There is so much conflicting and confusing information out there and it can throw your best efforts at maintaining your Paleo lifestyle off track. If you have been following a Paleo plan for a while and are feeling no better (or are struggling to lose weight if that was your goal), you might be making one or more of these common mistakes.
Paleo - More Than A Diet
Too many people hear the word ‘diet’ and their thoughts and effort immediately stop with food. Paleo is more a lifestyle than simply a food-based diet. Food does play a huge role, but if you fail to address the other complementary lifestyle aspects of the diet then you will never experience the full potential of the program.
When you fully commit to the Paleo diet, it is important to take a hard look at some of the other factors that allowed ancient man to thrive.
Be sure to prioritize 7-9 hours of precious sleep time each night. Even one night of inadequate sleep can disrupt blood sugar regulation making you cranky, more likely to eat processed carbs, and fatigued.
Man has evolved having a deep connection with nature rather than sitting inside all day. When not exposed to sunlight, your health suffers. Try to be outside in the sunshine for at least 30-60 minutes each day with bare skin.
Stress and Play
Pleasure activates the parasympathetic or ‘rest and digest’ branch of the nervous system. This is often neglected in the high-stress world of today. Create a stress management protocol that fits into your life and make time to escape stress each day. Go out with friends, watch funny YouTube videos, dance, meditate, breathe deeply and do your best not to take life so seriously.
Experts are now calling sitting and a sedentary lifestyle the new smoking. Daily movement is necessary – your body was made to move and functions best when movement is incorporated into your lifestyle. Find exercise you love and incorporate it for at least 30 minutes per day 5 times per week. Even a brief 20-minute walk has benefits.
While there are definitely people that do low carbohydrate or ketogenic versions of the Paleo diet, Paleo in general does not mean low carb. This misconception comes from a misunderstanding of what carbohydrates truly are. Many assume things like bread and pasta (which are removed on the Paleo diet) are the general terms for carbohydrates. Whole food sources of carbohydrate, including sweet potatoes, squash, fruit, and the like are all comprised of carbohydrate. The Paleo diet definitely is a LOWER carbohydrate plan than one that includes cereal for breakfast, a muffin for a morning snack, a sandwich and soda for lunch, an energy bar for an afternoon snack, and pasta with a side of garlic bread for dinner. This is essentially a carbohydrate-based standard Western diet. Low or no carb does not necessarily describe the vast majority of people on Paleo who are happily consuming plant-based carbohydrate sources.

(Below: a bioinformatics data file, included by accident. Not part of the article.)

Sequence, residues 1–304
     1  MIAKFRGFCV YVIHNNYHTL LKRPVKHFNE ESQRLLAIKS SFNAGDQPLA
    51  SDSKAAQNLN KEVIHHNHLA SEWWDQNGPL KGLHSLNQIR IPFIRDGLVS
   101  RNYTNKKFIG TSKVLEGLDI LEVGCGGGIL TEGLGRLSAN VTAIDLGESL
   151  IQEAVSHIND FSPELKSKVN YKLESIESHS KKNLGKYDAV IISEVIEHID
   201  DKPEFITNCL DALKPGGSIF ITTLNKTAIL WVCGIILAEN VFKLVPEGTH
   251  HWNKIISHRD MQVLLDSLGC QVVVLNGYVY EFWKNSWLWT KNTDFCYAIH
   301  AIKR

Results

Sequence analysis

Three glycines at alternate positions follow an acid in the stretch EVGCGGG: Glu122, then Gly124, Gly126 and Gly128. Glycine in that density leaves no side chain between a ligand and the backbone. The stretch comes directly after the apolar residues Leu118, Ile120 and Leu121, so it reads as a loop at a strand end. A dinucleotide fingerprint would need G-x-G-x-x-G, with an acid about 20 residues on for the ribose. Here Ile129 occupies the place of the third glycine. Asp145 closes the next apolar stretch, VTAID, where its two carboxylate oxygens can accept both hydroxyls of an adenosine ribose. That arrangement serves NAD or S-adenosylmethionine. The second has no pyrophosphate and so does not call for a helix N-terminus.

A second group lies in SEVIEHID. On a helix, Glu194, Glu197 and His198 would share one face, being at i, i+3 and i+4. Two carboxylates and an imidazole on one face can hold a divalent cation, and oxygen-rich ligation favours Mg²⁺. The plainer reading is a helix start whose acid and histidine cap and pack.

Fat is not bad for you. In fact, adequate consumption of fats is vital for optimal functioning of your brain and your body. Contrary to what you might have been told in the past, you don’t need to fear fat. As long as the fat comes from a healthy source, rather than processed foods, it will contribute to your health and performance. This is especially important if you’re following a low carb version of the Paleo Diet.
It is very challenging to follow a low-fat protocol whilst on a Paleo diet, and if you are managing, you may not be feeling anything close to your best. Fats from pastured animals are delicious and nutritious foods to incorporate into your diet. Including a variety of fats, such as avocados, coconut oil and nuts is important.
Thinking Only About The Meat
Despite portrayals in mainstream media, the Paleo diet is not necessarily one that is a high in protein diet. In fact, too much protein can be inflammatory for certain people especially when the source is questionable and the animals are less-than healthy.
There were certain cultures like the Inuits and Maasai who consumed large amounts of protein. However, there were also certain cultures, like the Kitavans, who did not.
High quality animal protein should be consumed with every meal and snack, but not necessarily as the main course. Instead, divide your plate in half. Devote half to organic vegetables and the other half to high quality fat and protein. Fifteen to twenty grams of protein at each meal is a great reference point. However, be sure to experiment to find the macronutrient ratios that work best for you.